One example concerns the risk that concrete sleeves could be compromised by "puffs" of stray gas that penetrate the concrete before it hardens, leaving pathways for contaminants to infiltrate aquifers, Anderson said. "Northern Pennsylvania is known for having lots of instances of this challenge," he said.
The threat arises from small zones of gas too limited to be worth producing. Yet these zones also need to be walled off with concrete sleeves to ensure well integrity, Anderson said.
Today, that risk isn't getting enough attention, he added. "Reasonable minds could differ on this, but none of the [state] regulations I'm aware of address this problem in as particular a way as we have."
Testing the integrity of cementing operations can reveal whether weaknesses in cement sleeves have formed. But here, too, states and industry representatives don't welcome attempts to standardize the process, as the debate over proposed fracking rules on federal lands attests.
The federal Bureau of Land Management's proposed rules for shale gas and oil wells would require drillers to perform a test called a cement bond log (CBL) on the initial cement sleeve surrounding the topmost string of pipe. Drillers would have to submit the test results to BLM before commencing fracking operations.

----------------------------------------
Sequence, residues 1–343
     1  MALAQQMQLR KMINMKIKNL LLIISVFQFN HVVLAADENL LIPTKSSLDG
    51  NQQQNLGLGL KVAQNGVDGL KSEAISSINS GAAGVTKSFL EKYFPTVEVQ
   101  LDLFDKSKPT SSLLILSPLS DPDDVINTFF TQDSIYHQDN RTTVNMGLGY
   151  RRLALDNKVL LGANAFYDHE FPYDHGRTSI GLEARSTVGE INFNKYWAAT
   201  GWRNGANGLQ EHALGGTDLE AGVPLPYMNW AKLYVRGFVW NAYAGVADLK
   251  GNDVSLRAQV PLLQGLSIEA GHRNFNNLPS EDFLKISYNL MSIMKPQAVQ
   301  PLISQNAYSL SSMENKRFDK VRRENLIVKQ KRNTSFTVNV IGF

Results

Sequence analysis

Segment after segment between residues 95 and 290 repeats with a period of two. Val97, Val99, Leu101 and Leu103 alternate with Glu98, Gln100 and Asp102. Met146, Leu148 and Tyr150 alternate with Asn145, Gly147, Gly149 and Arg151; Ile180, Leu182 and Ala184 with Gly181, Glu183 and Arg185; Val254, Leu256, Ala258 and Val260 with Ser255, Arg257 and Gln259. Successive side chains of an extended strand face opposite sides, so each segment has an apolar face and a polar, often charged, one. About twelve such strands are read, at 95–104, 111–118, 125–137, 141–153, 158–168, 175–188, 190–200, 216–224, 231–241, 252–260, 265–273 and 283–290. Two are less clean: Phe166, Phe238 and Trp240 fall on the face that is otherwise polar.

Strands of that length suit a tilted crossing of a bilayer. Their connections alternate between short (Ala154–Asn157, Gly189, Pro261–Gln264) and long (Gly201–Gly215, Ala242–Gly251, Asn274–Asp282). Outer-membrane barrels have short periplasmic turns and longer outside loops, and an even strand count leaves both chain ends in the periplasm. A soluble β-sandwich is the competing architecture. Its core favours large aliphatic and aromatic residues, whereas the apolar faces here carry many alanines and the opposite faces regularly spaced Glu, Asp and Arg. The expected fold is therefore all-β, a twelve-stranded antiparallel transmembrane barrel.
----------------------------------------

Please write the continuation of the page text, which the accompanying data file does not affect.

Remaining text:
BLM says the logs reveal results from sonic probes of the well bore, detecting voids that remain in the cement, and would enable BLM staff to verify that the cement job was properly done. The log tests typically are an optional practice, BLM says.
Battling over BLM proposals
Richard Ranger, senior policy adviser with the American Petroleum Institute, said the industry has had many discussions of the issue with BLM.
"There are various methods taken by operators, in consultation with state regulatory officials, to establish and demonstrate well integrity. The concern that industry has about establishing CBL as a federal requirement is, it shifts from a practice that ought to be considered for application to a compliance requirement that is going to be employed in every instance.